The University Library curates approximately 50,000 maps and 5,500 atlases. This LibGuide explains how to find the physical and digital maps you are looking for as well as how to use them and where to look for further research. If you have any questions or comments, don't hesitate to contact the curator.
All maps and atlases belonging to collection of the University Library are registered in the central library catalog Libsearch. A general explanation is provided in the LibGuide How to use Libsearch. When searching for maps, you should consider the following:
Be aware that libraries do not catalogue the individual maps belonging to an atlas or a map series separately. If you can't find what you are looking for, do not hesitate to contact the curator.
Would you like to consult a map or an atlas? You are most welcome in the Special Collections reading room. The reading room is located at the main entrance of the library, on the first floor of the main building (room 1C-02a). Click here for the opening hours of the reading room or here to find out how to request a library card.
If you are planning on visiting us we recommend that you request the desired items in Libsearch in advance to ensure that the items you wish to see are available. Request an item by selecting 'Place Hold'. If you submit your request before 3 p.m., the item will be ready for you the next working day from 9.00 a.m. The status of the request can be checked in Libsearch under 'My Account' or directly at the Special Collections Desk (1C-02a).
Maps and atlases cannot be borrowed. You are welcome to bring a camera to photograph the items you are working on (depending on the item's content and associated copy rights). Scanning facilities are also available to make digital copies (maximum format A3).
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In our collection, all maps (ca. 3,500) made before 1900 are scanned and available online. These maps are available either on the Imagebase and the Old Maps Viewer. New digital maps will be added to the collection on a regular basis.
Libraries do not catalogue the individual maps belonging to map series separately. A map series is a group of separate items (map sheets) related to one another by the fact that each item bears, in addition to its own title, a collective title referring to the group as a whole. For example: the Waterstaatskaart is composed of 124 map sheets covering the Netherlands in its entirety. Every sheet has been revised a number of times. Mapseries Database is a tool developed by the VU to facilitate searching for specific sheets in the Waterstaatskaart and the Rivierkaart.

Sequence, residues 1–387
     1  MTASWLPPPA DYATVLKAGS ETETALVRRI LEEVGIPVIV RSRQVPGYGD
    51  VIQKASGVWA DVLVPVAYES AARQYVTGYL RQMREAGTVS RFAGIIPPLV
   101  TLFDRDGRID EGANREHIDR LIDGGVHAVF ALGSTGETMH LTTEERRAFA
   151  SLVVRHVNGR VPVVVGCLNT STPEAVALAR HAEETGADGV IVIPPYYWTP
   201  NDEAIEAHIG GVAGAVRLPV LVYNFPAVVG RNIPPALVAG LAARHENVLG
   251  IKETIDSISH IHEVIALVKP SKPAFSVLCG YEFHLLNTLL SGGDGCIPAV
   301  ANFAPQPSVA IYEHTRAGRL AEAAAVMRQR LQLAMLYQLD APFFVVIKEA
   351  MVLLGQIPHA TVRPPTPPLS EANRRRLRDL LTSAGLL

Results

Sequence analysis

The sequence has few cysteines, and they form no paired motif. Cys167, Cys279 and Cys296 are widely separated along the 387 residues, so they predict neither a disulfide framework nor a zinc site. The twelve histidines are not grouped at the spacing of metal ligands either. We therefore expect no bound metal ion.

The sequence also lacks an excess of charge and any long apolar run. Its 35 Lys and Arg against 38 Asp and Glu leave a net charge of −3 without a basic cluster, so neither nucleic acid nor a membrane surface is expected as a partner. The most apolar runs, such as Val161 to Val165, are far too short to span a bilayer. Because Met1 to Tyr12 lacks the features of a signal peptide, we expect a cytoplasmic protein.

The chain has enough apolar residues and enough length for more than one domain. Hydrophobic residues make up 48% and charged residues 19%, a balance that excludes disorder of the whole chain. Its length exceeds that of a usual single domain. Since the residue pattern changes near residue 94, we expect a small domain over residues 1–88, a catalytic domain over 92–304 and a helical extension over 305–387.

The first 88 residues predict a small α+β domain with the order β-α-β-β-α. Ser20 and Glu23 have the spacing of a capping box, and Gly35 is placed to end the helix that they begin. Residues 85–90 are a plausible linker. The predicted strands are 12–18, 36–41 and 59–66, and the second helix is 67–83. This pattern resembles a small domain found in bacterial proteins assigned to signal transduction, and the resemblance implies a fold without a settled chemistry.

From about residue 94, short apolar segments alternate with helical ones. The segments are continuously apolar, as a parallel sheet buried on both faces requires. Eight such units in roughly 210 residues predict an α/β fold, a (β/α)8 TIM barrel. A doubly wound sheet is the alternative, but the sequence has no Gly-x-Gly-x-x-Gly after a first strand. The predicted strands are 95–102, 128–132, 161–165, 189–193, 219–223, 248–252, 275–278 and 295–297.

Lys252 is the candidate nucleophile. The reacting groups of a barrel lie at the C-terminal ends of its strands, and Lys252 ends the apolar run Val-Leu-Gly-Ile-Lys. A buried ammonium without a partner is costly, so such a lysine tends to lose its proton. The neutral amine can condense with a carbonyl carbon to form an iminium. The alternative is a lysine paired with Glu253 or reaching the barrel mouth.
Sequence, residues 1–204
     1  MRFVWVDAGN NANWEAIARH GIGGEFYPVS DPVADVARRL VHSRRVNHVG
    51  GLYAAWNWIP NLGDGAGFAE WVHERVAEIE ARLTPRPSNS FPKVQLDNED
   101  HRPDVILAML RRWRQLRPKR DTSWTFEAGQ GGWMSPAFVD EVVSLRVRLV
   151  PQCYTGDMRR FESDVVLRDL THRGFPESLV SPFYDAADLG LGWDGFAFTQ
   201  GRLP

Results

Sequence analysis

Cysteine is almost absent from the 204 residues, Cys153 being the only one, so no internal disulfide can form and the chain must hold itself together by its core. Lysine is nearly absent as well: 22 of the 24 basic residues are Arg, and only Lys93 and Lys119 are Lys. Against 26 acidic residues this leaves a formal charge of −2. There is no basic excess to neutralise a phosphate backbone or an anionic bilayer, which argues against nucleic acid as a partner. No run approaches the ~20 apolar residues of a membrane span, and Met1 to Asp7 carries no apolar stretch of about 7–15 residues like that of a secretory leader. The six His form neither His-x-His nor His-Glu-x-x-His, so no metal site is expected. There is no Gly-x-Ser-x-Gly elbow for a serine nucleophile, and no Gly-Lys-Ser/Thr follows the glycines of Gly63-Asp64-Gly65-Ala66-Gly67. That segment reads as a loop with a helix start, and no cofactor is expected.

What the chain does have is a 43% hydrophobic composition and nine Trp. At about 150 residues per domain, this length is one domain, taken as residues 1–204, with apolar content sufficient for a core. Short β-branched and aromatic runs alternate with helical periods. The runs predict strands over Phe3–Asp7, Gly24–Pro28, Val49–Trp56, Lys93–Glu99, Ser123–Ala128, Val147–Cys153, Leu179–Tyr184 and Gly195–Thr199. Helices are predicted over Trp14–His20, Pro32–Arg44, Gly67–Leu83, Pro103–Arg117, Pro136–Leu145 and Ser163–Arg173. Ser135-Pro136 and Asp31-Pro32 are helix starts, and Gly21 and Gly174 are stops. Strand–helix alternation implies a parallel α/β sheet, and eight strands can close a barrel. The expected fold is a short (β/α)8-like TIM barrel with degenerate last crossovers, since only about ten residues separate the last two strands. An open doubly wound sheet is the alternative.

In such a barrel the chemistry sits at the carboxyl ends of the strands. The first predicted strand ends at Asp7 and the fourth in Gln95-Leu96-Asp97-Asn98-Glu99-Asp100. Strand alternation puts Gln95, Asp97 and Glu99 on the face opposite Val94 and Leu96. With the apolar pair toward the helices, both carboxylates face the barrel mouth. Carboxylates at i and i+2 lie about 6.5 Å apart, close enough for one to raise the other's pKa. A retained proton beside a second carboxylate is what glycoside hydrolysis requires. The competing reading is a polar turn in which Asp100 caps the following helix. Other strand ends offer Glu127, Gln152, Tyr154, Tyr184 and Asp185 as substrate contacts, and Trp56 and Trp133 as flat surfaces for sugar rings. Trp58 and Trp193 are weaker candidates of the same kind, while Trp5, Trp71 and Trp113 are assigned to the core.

We always appreciate people making use of our Map Collection, whether it is in your blog, essay or publication. That's why almost all maps in the Imagebase are available according to the Creative Commons license (CC BY-NC 4.0). The responsibility to respect copyright lies on the user. However, given the age of most maps (100 years or older), the risk of (unintended) plagiarism is very low.
A good reference starts with 'University Library VU University Amsterdam', followed by the map's signature. A signature is a code that starts with LL and ends with gk. It can be found in the the map's description in the Imagebase, under 'data from the digitization'. See the images in this LibGuide for examples.
When citing maps remember that the scale is an important element to cite as well as the publication-, and (when possible) survey-date (on top of typical elements such as title, author, publisher, etc).
GIS stands for Geographic Information System and is an umbrella term for software with which spatial data can be viewed, analyzed and visualized. Spatial data has x and y coordinates, allowing it to be mapped. An overview or analysis of spatial patterns and development can be useful to many disciplines. Think of house prices (economy), age structure (social sciences), earthquakes (earth sciences), corona infections (health sciences) or archaeological finds (humanities).
To understand maps and atlases in their context, you can consult our extensive reference collection. This includes:
Some of the reference works as well as the latest acquisitions can be consulted directly in the open display of the reading room on the first floor. All other materials can be requested through Libsearch. While some items from these collections have restrictions on borrowing, you can always contact the curator to see what is possible.
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